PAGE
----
Balamuthia mandrillaris meningoencephalitis: Survival of a pediatric patient

Larry Curtis Cary, Erich Maul, Chrystal Potter, Peter Wong, Peter T. Nelson, Curtis Given, William Robertson

Research output: Contribution to journalArticlepeer-review

48 Citations (SciVal)


Balamuthia mandrillaris infections are rare and almost always fatal. This ameba is a naturally occurring soil inhabitant that can cause disease in immunocompetent hosts, with early diagnosis typically proving difficult. We recently cared for a previously healthy 2-year-old boy who was diagnosed with meningoencephalitis secondary to B mandrillaris relatively early in his presentation, which enabled us to initiate targeted antimicrobial therapy. Since discharge from the hospital the child has shown slow, steady improvement with dramatic improvements seen on follow-up brain imaging. Our observations suggest that early diagnosis and treatment may significantly reduce mortality and morbidity rates from this highly virulent organism.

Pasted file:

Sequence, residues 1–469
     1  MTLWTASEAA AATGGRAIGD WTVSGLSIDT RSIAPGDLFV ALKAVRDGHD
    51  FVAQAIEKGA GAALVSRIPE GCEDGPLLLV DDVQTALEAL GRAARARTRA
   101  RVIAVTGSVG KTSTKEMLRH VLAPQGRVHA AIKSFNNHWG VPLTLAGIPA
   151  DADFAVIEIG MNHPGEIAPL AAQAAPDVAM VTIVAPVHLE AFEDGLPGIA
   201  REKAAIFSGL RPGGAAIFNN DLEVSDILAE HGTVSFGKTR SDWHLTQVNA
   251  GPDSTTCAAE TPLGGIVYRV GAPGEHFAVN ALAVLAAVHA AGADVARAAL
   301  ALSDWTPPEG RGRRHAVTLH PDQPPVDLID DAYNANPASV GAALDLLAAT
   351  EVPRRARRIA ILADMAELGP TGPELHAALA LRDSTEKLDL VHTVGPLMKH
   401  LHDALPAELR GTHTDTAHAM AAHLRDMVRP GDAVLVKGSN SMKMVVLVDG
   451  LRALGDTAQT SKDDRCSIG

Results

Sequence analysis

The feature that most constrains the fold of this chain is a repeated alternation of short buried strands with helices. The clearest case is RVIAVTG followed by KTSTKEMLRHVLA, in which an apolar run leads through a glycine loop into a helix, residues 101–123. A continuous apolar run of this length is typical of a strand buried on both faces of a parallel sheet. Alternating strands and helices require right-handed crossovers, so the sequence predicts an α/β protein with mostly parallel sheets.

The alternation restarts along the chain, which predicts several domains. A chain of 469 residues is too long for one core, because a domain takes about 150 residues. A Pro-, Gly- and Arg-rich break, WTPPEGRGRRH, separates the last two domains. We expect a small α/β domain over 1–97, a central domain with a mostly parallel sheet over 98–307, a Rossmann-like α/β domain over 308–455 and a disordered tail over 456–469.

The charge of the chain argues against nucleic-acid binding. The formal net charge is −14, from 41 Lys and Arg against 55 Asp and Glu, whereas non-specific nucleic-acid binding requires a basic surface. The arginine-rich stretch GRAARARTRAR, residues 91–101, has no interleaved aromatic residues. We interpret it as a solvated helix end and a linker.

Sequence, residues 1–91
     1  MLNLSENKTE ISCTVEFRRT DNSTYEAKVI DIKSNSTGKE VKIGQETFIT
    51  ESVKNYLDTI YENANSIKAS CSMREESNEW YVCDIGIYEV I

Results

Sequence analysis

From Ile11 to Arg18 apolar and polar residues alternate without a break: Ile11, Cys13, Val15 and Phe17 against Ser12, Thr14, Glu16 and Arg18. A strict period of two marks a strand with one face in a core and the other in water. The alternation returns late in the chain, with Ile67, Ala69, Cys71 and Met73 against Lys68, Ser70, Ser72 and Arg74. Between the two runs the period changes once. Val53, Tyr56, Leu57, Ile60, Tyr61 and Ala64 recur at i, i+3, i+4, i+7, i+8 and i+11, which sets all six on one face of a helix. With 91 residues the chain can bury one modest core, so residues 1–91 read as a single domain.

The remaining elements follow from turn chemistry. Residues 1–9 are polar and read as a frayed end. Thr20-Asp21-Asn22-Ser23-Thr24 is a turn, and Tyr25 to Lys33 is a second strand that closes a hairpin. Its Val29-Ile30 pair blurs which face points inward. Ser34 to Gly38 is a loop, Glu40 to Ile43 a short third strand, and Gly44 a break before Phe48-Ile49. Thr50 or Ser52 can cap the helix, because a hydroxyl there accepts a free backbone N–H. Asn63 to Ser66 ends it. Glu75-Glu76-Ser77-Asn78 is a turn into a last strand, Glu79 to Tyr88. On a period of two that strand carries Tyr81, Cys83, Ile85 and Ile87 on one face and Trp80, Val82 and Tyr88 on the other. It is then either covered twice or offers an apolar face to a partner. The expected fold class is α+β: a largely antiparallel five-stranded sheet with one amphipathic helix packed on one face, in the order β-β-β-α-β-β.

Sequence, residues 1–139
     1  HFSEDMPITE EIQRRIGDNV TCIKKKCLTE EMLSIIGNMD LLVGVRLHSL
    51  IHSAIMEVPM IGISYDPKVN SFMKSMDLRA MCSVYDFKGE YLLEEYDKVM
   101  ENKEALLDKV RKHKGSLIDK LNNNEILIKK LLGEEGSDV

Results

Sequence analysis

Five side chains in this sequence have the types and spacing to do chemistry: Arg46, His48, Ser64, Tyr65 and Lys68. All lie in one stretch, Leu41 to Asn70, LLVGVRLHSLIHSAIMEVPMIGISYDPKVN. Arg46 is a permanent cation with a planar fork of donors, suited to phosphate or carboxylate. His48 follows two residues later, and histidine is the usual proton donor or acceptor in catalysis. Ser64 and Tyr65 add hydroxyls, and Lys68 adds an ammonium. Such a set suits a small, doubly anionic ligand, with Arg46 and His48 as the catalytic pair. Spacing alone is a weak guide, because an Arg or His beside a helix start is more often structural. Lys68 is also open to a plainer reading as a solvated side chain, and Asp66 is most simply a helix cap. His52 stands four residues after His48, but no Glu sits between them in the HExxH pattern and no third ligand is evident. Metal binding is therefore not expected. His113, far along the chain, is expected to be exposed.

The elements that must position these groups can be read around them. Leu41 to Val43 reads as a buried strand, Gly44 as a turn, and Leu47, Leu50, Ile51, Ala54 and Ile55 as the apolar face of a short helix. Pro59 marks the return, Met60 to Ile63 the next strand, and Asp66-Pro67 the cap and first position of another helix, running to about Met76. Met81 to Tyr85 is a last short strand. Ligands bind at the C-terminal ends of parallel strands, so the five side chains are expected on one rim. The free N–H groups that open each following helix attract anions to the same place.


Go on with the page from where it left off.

Original languageEnglish
Pages (from-to)e699-e703
Issue number3
StatePublished - Mar 2010


  • Balamuthia
  • Meningoencephalitis
  • Survival

ASJC Scopus subject areas

  • Pediatrics, Perinatology, and Child Health


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